Merab Kostava

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Merab Kostava
Merab-kostava.jpg
Kostava in 1988
Native name
მერაბ კოსტავა (Georgian)
Born(1939-05-26)26 May 1939
Died13 October 1989(1989-10-13) (aged 50)
NationalityGeorgian
Known forSoviet and Georgian dissident

Merab Kostava (Georgian: მერაბ კოსტავა) (May 26, 1939 – October 13, 1989) was a Georgian dissident, musician and poet; one of the leaders of the National-Liberation movement in Georgia. Along with Zviad Gamsakhurdia, he led the dissident movement in Georgia against the Soviet Union, until his death in a car accident in 1989.

Life[edit]

Kostava was born in 1939 in Tbilisi, of the Georgian Soviet Socialist Republic, USSR (the current capital of Georgia). In 1954, Kostava and Zviad Gamsakhurdia founded the Georgian youth underground organization "Gorgasliani," a tribute to Vakhtang Gorgasali, the medieval Georgian king who supposedly founded the capital, Tbilisi.[1] Between 1956 and 1958 Kostava, together with Gamsakhurdia and several other members of this organization were jailed by the KGB for "anti-Soviet activity." The charges against Kostava and Gamsakhurdia included the dissemination of anti-communist literature and proclamations.

Kostava graduated from the Tbilisi State Conservatoire in 1962. From 1962–1977 he was a teacher at a local music school in Tbilisi.

In 1973, Kostava and Gamsakhurdia established the Initiative Group for defence of Human Rights. In 1976 Kostava co-founded the Georgian Helsinki Group (later renamed the Georgian Helsinki Union in 1989). From 1976–1977 and 1987–1989 Kostava was a member of the Governing Board of the abovementioned human rights organization. After 1975 Kostava was a member of Amnesty International.

In 1977, Kostava and Gamsakhurdia were arrested and jailed, charged with spreading anti-Soviet propaganda, the result of bringing note to the pillaging of church artifacts and the deportation of subsequent treatment of the Meskhetian Turks.[2] Kostava was sent to Siberia to serve his sentence. While Gamsakhurdia publicly renounced his views in hopes of a lesser sentence, Kostava refused to do so.[2] He was released from prison in August, 1987.[3] In 1978, the two men were nominated to the Nobel Peace Prize by the Congress of the USA. In 1988 Kostava co-founded the Society of Saint Ilia the Righteous and was one of the leaders of this political pro-independence organization. From 1988–1989 he was one of the organizers and active participants of most (if not all) peaceful pro-independence political actions within the Georgian SSR. On April 9, 1989 Kostava was jailed again but was released after 45 days.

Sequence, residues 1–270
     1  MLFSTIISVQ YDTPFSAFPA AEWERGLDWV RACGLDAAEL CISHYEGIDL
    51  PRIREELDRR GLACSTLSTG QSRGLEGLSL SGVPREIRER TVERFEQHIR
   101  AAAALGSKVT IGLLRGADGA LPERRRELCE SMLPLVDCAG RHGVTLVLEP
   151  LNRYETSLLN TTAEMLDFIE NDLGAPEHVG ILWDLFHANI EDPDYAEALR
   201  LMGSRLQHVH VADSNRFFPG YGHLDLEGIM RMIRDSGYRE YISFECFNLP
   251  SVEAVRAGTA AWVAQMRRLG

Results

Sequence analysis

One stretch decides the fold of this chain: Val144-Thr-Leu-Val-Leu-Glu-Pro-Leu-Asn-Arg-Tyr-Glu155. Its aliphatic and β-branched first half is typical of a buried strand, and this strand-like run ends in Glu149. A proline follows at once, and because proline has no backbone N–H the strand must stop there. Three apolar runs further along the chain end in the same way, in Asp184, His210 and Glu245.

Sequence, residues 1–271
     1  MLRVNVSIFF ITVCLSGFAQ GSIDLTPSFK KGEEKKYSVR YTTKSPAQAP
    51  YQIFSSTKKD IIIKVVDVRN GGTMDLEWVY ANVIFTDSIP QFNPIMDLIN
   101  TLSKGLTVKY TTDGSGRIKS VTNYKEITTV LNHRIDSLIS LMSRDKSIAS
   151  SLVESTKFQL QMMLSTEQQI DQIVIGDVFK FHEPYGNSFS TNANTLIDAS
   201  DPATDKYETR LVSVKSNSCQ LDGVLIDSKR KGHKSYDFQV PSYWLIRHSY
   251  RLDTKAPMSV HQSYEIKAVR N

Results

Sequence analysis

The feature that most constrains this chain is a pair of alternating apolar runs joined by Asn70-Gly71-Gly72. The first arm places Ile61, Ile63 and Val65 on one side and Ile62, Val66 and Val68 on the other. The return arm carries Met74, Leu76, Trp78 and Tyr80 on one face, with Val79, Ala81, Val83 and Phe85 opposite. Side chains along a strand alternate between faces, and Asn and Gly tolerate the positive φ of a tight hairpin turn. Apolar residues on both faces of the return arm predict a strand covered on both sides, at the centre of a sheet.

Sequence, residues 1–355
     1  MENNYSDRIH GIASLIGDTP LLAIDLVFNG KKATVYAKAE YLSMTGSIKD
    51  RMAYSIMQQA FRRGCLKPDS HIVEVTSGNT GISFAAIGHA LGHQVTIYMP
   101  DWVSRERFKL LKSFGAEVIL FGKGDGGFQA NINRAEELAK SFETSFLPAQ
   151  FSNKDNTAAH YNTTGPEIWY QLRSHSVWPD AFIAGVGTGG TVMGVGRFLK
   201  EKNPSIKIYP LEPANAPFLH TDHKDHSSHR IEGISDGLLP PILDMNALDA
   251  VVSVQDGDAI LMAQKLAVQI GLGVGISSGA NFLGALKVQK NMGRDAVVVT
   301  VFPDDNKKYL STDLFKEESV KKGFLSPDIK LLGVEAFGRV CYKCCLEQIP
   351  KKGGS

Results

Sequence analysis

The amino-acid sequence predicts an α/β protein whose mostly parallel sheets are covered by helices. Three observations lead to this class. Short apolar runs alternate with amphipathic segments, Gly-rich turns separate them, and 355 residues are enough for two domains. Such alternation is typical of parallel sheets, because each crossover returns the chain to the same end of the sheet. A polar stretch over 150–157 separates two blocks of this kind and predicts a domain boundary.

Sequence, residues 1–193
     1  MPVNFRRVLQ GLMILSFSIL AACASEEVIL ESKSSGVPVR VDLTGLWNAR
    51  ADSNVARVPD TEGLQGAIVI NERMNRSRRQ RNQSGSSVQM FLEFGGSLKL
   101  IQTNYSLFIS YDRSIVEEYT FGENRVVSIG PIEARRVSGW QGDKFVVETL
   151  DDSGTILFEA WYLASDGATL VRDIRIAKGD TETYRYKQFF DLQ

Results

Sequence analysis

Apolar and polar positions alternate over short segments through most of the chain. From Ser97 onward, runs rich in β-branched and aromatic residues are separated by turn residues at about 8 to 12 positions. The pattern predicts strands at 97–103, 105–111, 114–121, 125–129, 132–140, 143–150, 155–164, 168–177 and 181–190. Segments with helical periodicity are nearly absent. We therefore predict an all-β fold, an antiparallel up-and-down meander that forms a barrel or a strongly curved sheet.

Merab Kostava was active in the underground network of Samizdat publishers, co-publisher of the Georgian underground periodical "Okros Satsmisi" ("The Golden Fleece"). He was the author of many important literary and scientific works.

Death[edit]

On October 13, 1989, Merab Kostava died in a car accident.[4] In 2013, he was posthumously awarded the title and Order of National Hero of Georgia.[5]

Remembrance[edit]

There are streets named after Merab Kostava in Tbilisi, Batumi, and Shindisi.

References[edit]

  1. ^ Rayfield, Donald (2012). Edge of Empires: A History of Georgia. London: Reaktion Books. p. 370. ISBN 978-1-78-023030-6.
  2. ^ a b Suny, Ronald Grigor (1994). The Making of the Georgian Nation (Second ed.). Bloomington, Indiana: Indiana University Press. p. 319. ISBN 978-0-25-320915-3.
  3. ^ Suny. The Making of the Georgian Nation. p. 320.
  4. ^ Rayfield. Edge of Empires. p. 379.
  5. ^ Kirtzkhalia, N. (October 27, 2013). "Georgian president awards National Hero title posthumously to Zviad Gamsakhurdia and Merab Kostava". Trend. Retrieved January 14, 2015.